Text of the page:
Russian President Vladimir Putin met Egypt’s President Abdel Fattah al-Sisi in Cairo on Monday for talks over a nuclear power plant and tensions in the Middle East following Washington’s decision to recognise Jerusalem as Israel’s capital.
Putin’s visit to Cairo reflects the deepening ties between Russia and Egypt, the second largest recipient of U.S. military aid after Israel and a strategic U.S. partner in the Middle East because of its control of the Suez Canal.
During the visit, Egypt and Russia signed an agreement to start work on Egypt’s Dabaa nuclear power plant. Russian state nuclear company Rosatom said the Dabaa nuclear station it will build in Egypt will have four reactors and cost up to $21 billion with construction expected to finish in 2028-2029.
Moscow and Cairo signed an initial agreement in 2015 for Russia to build the plant, with Russia extending a loan to Egypt to cover the cost of construction.
They were also to discuss the resumption of Russian flights to Egypt as soon as possible, a presidential spokesman told MENA state news agency. Moscow halted civilian air traffic to Egypt in 2015 after militants bombed a Russian Metrojet flight leaving from the tourist resort of Sharm el-Sheikh, killing 224 people onboard.
The high-level Russian visit comes after the U.S. government in August decided to deny Egypt $95.7 million in aid and to delay another $195 million because of its failure to make progress on human rights and democratic norms.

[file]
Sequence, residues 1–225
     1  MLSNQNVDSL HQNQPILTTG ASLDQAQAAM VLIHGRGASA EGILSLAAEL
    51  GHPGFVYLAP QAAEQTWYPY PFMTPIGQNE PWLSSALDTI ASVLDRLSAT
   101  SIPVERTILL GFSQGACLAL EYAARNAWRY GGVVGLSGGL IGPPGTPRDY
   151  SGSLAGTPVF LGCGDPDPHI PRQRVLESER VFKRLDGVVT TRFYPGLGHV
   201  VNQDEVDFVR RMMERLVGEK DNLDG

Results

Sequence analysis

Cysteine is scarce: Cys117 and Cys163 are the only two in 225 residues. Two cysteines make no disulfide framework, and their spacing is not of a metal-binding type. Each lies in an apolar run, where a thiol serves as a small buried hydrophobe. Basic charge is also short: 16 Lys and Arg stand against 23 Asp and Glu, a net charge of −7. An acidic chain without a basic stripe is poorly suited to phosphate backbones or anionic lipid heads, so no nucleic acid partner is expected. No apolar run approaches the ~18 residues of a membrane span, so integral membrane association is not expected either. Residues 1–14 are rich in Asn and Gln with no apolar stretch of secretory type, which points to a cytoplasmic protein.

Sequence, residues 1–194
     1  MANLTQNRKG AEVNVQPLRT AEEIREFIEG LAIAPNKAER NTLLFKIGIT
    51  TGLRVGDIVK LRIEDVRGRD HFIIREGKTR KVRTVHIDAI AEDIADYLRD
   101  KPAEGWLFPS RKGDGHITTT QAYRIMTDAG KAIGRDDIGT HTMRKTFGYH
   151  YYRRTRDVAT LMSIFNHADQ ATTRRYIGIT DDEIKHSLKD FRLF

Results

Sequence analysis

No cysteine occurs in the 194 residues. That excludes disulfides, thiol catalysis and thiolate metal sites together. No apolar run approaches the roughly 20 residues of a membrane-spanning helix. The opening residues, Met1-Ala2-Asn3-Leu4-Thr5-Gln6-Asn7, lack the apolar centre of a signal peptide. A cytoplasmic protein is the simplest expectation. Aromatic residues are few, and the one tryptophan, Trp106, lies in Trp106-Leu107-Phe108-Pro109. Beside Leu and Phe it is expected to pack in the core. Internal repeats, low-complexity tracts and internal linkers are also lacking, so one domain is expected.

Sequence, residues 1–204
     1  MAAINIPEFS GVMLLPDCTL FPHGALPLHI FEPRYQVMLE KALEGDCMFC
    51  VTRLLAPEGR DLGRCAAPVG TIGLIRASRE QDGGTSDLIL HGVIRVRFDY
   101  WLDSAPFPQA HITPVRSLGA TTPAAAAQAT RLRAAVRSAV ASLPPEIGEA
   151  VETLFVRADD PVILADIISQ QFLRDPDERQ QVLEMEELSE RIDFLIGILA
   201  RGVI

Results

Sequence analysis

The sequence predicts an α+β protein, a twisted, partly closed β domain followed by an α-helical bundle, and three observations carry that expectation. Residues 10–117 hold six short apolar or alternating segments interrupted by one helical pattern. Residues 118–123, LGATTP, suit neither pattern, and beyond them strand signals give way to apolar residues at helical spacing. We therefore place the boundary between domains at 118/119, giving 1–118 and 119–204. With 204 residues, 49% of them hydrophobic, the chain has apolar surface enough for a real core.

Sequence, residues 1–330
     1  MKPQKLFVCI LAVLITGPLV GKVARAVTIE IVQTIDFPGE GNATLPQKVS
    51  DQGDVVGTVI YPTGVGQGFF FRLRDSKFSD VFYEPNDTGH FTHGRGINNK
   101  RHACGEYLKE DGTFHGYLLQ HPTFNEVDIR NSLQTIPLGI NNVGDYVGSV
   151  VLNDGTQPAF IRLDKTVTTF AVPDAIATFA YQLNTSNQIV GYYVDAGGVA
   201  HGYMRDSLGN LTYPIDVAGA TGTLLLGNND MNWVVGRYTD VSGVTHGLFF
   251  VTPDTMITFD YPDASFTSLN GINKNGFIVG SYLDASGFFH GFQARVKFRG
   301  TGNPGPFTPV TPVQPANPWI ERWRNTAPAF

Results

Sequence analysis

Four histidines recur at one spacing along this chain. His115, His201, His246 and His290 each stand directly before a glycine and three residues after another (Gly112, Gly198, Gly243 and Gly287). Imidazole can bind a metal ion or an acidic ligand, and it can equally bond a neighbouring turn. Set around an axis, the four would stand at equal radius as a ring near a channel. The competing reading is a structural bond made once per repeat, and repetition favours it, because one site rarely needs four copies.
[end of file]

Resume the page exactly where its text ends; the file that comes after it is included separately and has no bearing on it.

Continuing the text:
Russia launched a military operation to support Syrian President Bashar al-Assad in September 2015, and there are signs Moscow is keen to further expand its military presence in the region.
In November, Russia’s government published a draft agreement between Russia and Egypt allowing both countries to use each other’s air space and air bases for their military planes.
Putin has been steadily building relations with Egypt. On his first visit to Cairo in 2015, he was the first leader of a major power to meet with Sisi after the former Egyptian army commander ousted Islamist President Mohamed Mursi in 2013.
That prompted Washington to cool relations with Egypt, and the U.S. government suspended some military aid.
Since then the two leaders have increased cooperation, reviving the historical alliance between Egypt and Soviet Union of the 1970s. Cairo had moved closer to the United States when Washington brokered a peace deal with Israel in 1979.
Libya is a particular interest, where Egypt and Russia have both backed Libyan commander Khalifa Haftar who has become one of the most powerful leaders in the North African state since it fell into factional fighting after a 2011 uprising.